The 2001 publication by the American Heart Association, TOX-ACLS Toxicologic-Oriented Advanced Life Support,1 marked wide recognition that critical illness resulting from poisoning may require very different management from similar illness occurring in the nonpoisoned patient. That publication made specific suggestions for management of dysrhythmias and other toxicity caused by cocaine, calcium channel blockers and β-blockers, opioids, tricyclic antidepressants, and drug-induced cardiovascular shock. In 2010, the updated American Heart Association ACLS guidelines contained specific evaluation and recommendations regarding poisoning with these same aforementioned toxins, as well as cyanide, digoxin, and antidotal therapy with flumazenil and lipid emulsion.2 The relevance of those publications is recognition that proper management of many clinical problems caused by toxins differs or deviates from management of the same clinical problem occurring in the nonpoisoned patient.
The main focus of this chapter is on the most commonly encountered problems in the clinical management of poisoned patients. We present a general approach to management and discuss the unique management issues involving poisoning. This chapter cannot cover all poisoning circumstances that require unique management, but it does cover the most common problems relevant to intensivists.
Although the severe consequences of poisoning and toxicity may cause a wide array of clinical problems, the majority of critical illnesses resulting from poisoning involve the following problems: (1) airway or respiratory compromise, (2) cardiovascular depression manifested as hypotension and/or bradycardia, (3) cardiovascular stimulation manifested as hypertension, tachycardia, and/or tachydysrhythmia, (4) hyperthermia, and (5) seizure and status epilepticus (Table 41-1).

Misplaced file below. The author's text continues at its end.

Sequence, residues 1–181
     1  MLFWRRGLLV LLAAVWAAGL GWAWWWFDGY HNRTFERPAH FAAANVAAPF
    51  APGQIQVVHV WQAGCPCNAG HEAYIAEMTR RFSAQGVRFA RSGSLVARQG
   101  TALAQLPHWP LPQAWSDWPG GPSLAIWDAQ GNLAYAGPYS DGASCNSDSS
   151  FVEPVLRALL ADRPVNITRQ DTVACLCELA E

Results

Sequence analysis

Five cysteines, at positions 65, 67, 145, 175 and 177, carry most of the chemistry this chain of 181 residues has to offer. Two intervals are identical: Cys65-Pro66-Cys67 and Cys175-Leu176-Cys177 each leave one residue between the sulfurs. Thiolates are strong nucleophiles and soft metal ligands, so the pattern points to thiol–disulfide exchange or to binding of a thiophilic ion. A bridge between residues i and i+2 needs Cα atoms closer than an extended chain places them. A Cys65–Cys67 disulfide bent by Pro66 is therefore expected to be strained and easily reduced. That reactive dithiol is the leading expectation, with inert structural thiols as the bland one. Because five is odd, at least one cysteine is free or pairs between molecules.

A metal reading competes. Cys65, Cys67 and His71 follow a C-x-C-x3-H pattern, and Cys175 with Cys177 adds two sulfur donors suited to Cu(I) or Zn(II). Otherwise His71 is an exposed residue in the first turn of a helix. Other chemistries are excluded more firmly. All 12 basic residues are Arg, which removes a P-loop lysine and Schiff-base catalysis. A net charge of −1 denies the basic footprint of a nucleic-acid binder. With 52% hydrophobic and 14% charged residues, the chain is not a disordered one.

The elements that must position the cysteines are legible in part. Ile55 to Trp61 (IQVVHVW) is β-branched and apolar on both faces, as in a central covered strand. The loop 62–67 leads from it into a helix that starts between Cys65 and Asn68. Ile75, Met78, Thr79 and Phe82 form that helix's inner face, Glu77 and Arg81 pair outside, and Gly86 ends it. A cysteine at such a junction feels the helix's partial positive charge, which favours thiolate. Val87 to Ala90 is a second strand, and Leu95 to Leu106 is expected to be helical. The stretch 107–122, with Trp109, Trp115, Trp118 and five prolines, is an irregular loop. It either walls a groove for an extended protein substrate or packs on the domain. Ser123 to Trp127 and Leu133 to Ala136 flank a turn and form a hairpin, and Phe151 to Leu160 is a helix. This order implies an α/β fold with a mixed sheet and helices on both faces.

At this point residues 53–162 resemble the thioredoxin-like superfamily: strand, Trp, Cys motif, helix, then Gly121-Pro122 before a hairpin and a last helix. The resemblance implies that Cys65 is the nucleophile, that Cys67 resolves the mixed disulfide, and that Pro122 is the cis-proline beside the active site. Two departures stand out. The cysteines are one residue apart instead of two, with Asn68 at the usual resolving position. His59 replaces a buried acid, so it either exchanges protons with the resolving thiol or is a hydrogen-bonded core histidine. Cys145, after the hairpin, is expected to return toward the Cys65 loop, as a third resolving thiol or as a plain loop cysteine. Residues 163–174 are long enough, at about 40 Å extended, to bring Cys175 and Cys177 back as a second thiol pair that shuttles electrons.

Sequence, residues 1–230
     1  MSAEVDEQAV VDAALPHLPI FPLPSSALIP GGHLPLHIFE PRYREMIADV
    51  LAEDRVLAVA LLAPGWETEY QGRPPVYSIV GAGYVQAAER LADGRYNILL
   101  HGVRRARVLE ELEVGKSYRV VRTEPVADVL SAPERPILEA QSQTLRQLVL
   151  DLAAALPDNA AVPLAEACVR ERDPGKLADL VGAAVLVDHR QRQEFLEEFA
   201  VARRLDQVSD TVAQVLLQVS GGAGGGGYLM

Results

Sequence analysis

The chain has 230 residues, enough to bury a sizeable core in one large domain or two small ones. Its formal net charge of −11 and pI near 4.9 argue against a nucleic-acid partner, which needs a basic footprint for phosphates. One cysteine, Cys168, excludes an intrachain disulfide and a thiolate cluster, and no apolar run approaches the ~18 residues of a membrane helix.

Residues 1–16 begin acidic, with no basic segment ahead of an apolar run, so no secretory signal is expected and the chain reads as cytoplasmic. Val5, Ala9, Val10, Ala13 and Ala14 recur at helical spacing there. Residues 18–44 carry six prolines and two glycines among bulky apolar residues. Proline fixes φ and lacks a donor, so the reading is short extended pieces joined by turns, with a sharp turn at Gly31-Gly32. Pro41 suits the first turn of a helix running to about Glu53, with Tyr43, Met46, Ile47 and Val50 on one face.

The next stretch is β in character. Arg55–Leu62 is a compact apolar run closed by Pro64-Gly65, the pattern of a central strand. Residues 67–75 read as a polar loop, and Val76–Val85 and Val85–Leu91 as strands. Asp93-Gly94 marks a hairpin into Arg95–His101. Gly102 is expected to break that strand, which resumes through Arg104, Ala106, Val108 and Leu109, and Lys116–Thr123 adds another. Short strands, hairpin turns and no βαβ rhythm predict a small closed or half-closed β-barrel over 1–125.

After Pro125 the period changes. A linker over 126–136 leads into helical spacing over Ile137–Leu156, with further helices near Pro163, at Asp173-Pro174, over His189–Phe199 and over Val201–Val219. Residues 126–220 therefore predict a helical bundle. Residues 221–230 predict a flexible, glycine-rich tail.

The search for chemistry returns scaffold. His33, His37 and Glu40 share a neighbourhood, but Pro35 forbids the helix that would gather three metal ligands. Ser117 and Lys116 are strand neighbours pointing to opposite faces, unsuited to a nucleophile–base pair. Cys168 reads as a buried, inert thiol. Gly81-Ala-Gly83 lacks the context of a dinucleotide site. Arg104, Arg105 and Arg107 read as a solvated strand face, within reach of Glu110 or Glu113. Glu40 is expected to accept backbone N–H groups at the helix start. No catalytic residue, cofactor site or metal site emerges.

Table 41-1. Unique Management of Selected Toxins and Associated Illnesses |Favorite Table|Download (.pdf)
Table 41-1. Unique Management of Selected Toxins and Associated Illnesses
|Multiple toxins||Toxin-induced seizure||Multiple pathways||Use benzodiazepines, barbiturates, empirical pyridoxine, or propofol. Do not administer phenytoin|
|Carbon monoxide||Metabolic acidemia, cardiovascular depression, dysrhythmia, seizure, cardiac arrest||Binds hemoglobin and myoglobin preventing oxygen delivery, binds cytochrome oxidase||Oxygen therapy, hyperbaric oxygen therapy|
|Caustic exposure||Airway compromise due to burn||Direct tissue injury and inflammation||Emergently secure a definitive airway by endotracheal intubation|
|Clonidine||Apnea, respiratory depression, cardiovascular depression||Opioidlike effect|
- Physical stimulation of patient when apneic
- High-dose naloxone infusion
|Cyanide||Metabolic acidemia, cardiovascular depression, dysrhythmia, seizure, cardiac arrest||Blocks oxidative phosphorylation||Antidotal use of hydroxocobalamin or cyanide antidote kit (nitrites and sodium thiosulfate)|
|Methemoglobinemia||Metabolic acidemia, cardiovascular depression, dysrhythmia, seizure, cardiac arrest||Alters hemoglobin, preventing oxygen delivery||Methylene blue|
|Organophosphate||Apnea, bronchorrhea, bronchospasm, cardiovascular depression||Muscarinic cholinergic agonism||Prolonged paralysis may result from neuromuscular blockade due to diminished pseudocholinesterase|
|Organophosphates||Cholinergic syndrome, bradycardia, bronchorrhea, bronchospasm, cardiovascular depression, dysrhythmia, seizure, cardiac arrest||Inhibits acetylcholinesterase, cholinergic excess|
- Decontamination outside of clinical care area supersedes A, B, C and resuscitation
- Allowing contaminated patient into clinical treatment area risks ongoing patient toxicity and potential poisoning of staff caring for patient
|Salicylate||Hyperventilation||Centrally mediated and compensatory to metabolic acidemia||Even brief interruption of hyperventilation may result ...|
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